Author Q&A: Georgina Harding
Land of the Living (Bloomsbury, £16.99)
Land of the Living (Bloomsbury, £16.99)
Protagonist Charlie is home from the Battle of Kohima and the horrors of the Second World War, but struggling to forget about the months he spent lost in the remote jungles of Assam, and those he met there.
What made the Battle of Kohima and the jungles of Nagaland the ideal backdrop for Land of the Living?
Land of the Living grew out of my previous novel, The Gun Room, in which a young man goes as a photographer to the Vietnam War, driven by a need to discover something of the experience of his father, who had fought on the Burma campaign in the Second World War. As the notion of his father grew in my mind, I realised that I had another book there, going back to the generation before The Gun Room. So I read up on the Burma campaign and the battle of Kohima. The battle itself, and the fighting that ensued across Nagaland and into Burma, offered me an opportunity to look at war from a new angle. In this, perhaps the most remote battlefield to be found in the world, three warrior cultures met: the British and the Japanese, but also the Naga. This twentieth century mechanised imperialist war was fought across a land inhabited by ancient tribes of headhunters. There was an irony in the fact that during the brief period of the colonial presence in this far corner of Assam, British administrators had tried to dissuade the Nagas from the barbaric custom of taking heads; and yet those same civilised British fought a battle there leaving 10,000 casualties behind them, and all the devastation that went with it.
Tell us about your research into the landscape and the Angami Naga tribe.
I’d been interested in Nagaland for many years, but because of the long-running insurgency against Indian rule, special permits had been required for only very limited visits to the area. Travel had recently become more possible, so it was exciting to be able to get there at last. The first thing you think, looking out over the endless tangle of misty-jungled mountains, is what an extraordinarily remote place it is to come and fight a war – or to research a book, for that matter. I spent some time in Kohima and in beautiful villages around Kohima, and then drove with a guide to far more wild villages along the Burmese border where I could still meet old men who bore the tattoos that indicated that they had taken part in headhunting raids. The last recorded headhunting incident that I know of was as recent as 1990. I’d like to make it clear that the Naga tribes in my novel are unnamed, not Angami nor any other tribe, though they may have customs that Nagas themselves might associate with one or other group. I was writing fiction, not ethnography, and I wanted the Nagas my hero Charlie meets to stand out as people, as individuals, as he sees them.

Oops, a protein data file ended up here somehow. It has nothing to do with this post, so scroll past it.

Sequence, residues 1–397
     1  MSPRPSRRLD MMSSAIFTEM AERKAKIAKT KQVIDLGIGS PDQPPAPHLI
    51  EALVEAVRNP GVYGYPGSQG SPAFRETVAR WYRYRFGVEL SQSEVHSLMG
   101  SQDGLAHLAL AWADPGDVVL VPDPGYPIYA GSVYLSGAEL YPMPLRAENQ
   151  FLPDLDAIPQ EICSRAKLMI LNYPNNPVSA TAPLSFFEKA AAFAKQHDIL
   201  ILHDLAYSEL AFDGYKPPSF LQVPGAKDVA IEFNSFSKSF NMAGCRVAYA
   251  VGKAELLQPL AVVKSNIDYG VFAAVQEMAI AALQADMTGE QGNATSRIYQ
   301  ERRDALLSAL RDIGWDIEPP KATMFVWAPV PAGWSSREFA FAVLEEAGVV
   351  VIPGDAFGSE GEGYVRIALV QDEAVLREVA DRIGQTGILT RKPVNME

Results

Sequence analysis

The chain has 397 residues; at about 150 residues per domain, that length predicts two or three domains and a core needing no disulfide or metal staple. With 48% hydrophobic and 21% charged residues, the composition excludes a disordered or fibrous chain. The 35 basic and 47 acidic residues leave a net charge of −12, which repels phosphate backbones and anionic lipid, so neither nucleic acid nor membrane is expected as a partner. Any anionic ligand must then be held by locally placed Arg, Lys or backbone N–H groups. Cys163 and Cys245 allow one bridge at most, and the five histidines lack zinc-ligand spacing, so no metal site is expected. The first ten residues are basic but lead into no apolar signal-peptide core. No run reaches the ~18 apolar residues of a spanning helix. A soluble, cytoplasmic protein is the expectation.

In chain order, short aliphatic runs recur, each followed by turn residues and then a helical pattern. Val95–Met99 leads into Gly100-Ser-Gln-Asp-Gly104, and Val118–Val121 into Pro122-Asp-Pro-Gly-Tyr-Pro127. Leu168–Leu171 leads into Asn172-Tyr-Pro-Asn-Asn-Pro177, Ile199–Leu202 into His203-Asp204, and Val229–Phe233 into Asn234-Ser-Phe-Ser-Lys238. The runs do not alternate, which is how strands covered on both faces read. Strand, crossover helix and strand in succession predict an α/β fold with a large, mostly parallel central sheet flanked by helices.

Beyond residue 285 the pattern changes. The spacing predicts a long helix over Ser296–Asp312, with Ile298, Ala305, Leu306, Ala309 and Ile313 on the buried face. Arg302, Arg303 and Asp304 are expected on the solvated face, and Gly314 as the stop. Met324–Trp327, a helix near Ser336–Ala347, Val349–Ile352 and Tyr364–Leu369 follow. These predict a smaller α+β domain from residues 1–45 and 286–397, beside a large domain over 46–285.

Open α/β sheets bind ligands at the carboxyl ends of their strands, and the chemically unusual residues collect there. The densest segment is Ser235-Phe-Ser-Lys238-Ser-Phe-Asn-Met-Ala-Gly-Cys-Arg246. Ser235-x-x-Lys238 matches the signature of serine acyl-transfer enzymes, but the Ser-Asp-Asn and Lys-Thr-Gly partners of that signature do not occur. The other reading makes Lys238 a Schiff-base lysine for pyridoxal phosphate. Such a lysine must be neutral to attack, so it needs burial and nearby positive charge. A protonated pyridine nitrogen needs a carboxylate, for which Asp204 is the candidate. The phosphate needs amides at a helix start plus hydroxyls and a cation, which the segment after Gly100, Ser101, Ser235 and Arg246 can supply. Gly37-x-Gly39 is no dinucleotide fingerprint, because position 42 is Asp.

What role can fiction play in encouraging readers to confront the darker aspects of war and empire?
Fiction offers a wonderful opportunity to focus not so much on the facts of history but on human essentials: on how men and women experienced war or empire, how the war or empire it was customary to speak about at home were perhaps quite different from what they had actually known and seen, and on the underlying moral experience.
Charlie is left suffering from post-traumatic stress disorder following his return from the jungle. How does modern research into mental health help us appreciate the sacrifices made by soldiers and their families?
It’s not for me to diagnose my characters or classify their states of mind, but only to imagine them. While PTSD may be an immensely valuable term for psychologists and therapists, and for those they treat, I don’t think it has any place in my novel. Take an ordinary man to war, like my character Charlie, let him experience battle as he does, and the aftermath in the jungle, and life with the Nagas, and what do you think would be an ordinary man’s reaction? Nightmare, isolation from those who haven’t seen what he has seen, depression, guilt, moral questioning? Surely the true disorder is in the war, not the man’s condition? That’s where my focus lay. There is almost a danger that by too glibly labelling an individual’s condition as PTSD, we imply that normality may mean acceptance of the consequences of war.
Why was it important for you to explore the effect war had on women who were unable to fully understand what their husbands had been through?
I was interested in how peace follows war, how a soldier comes home bringing knowledge that either he can’t express or that society doesn’t want him to express. How this might affect a young marriage, in a way which perhaps is typical of the marriages of the 1940s. And then, how this is reflected in post-war society. How in Britain we quickly conjured up a myth of the war, one that developed perhaps naturally from wartime propaganda and morale-boosting. How we greeted our soldiers as heroes (and how could they say that they weren’t?) and for the next few decades wrote stories and made movies that played on the myth, comforting ourselves perhaps for the loss of empire that came with the winning of the war.
You have written extensively about war, exploring the Vietnamese conflict in The Gun Room and wartime Romania in Painter of Silence. How important is it for memories and stories about war to be kept alive through fiction?
Novels can take us back into history and make us see things again and anew, and do this with empathy that gives emotional as well as rational understanding of the past. I think it’s important to do this, going back to think over different pieces of history again and again in different generations, so that we can better understand what makes our present.